Ecologie, situations temporelle et spatiale en Algérie de Mashallagia marshalli, parasite des petits ruminants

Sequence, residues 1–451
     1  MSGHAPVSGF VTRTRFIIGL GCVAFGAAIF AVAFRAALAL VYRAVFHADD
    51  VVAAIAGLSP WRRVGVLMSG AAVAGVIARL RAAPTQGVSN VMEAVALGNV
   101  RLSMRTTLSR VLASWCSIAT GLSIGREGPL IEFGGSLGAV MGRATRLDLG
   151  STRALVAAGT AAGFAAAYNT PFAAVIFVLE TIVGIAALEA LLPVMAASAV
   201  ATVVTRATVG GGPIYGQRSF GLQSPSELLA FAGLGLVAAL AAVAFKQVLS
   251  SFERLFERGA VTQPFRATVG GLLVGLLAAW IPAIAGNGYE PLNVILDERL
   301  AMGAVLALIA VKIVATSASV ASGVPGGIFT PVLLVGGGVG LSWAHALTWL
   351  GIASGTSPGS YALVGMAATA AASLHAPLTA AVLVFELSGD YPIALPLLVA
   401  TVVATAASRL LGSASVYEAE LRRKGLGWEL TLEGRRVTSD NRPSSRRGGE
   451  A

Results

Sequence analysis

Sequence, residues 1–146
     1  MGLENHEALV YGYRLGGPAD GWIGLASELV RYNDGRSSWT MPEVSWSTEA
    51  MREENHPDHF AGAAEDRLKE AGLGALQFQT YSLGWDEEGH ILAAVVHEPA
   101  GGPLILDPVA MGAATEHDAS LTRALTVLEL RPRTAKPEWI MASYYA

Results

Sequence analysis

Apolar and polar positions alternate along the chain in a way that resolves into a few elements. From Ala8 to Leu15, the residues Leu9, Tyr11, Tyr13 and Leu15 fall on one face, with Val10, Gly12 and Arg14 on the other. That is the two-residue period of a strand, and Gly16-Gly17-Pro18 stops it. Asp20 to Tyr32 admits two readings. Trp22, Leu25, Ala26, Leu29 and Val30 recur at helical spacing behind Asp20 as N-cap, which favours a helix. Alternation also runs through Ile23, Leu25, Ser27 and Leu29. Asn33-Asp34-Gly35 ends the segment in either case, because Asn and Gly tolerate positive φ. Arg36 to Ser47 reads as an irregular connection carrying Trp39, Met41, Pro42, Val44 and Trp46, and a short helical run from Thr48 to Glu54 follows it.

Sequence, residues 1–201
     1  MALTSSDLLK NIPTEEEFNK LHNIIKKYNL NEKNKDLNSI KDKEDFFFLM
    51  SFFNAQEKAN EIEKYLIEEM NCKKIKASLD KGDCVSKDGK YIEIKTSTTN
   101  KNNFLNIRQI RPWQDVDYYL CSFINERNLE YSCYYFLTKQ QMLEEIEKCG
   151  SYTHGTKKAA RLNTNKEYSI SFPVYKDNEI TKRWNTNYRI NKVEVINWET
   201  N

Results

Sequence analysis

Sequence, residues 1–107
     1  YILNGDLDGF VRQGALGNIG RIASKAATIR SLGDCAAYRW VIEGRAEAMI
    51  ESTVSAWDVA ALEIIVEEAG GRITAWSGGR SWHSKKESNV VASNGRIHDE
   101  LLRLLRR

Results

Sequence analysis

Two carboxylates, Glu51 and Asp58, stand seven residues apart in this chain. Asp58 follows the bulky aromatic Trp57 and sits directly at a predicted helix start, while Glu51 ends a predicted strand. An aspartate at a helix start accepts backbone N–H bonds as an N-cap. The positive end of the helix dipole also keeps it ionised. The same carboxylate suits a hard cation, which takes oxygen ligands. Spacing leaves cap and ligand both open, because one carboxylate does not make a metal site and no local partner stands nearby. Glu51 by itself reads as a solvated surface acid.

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Marshallagia marshalli, abomasum nematode of small ruminants is little known. It is associated to steppe climate. Prevalence and seasonal intensities of strongyles abomasum and their relations with climate were studied in 12 slaughterhouses over 4 bioclimatic areas of eastern Algeria. The average abundance was found to low; 170 and intensities were 37% for Marshallagia marshalli, 37% for Teladorsagia circumcincta, 16% for Trichostrongylus sp., 5% for Haemonchus contortus, 3% for Ostertagia ostertagi and 2% for Marshallagia occidentallis. Parasite dynamics differed between areas particularly between the sub-humid and semi-arid thus suggesting a distinct prophylactic management. The general linear model has demonstrated a seasonal effect in the sub-humid area for T. circumcincta (in April and May), for M. marshalli (July - August) and (November-December) and finally for Trichostrongylus sp. (January- February). There is no clear seasonality in the semi-arid except for M. marshalli in December- January. All parasites were correlated to temperature and rainfall except M. marshalli which had a negative and non-linear but rather quadratic, suggesting an adaptation to local varied climate. Biological and ecological studies after experimental infection with M. marshalli regained a low fertility and prolificacy and a pre patent period longer than other trichostrongyles. The maximum development observed under optimal conditions, the possibility of hatching at temperatures as low as 4 ° C, the slow hatching and sensitivity of L3 desiccation suggests this is the stage egg that is resistant. The study of morphological and morphometric characters of the larva led to the first description of the L3 observed in fecal culture. It is distinguished by a particularly small size and the shortest sheath tail among the species sheep’s strongyles. By the significant presence of M. marshalli and reported drug resistance, this parasite is doing well in Algeria; its impact is evident on sheep farming.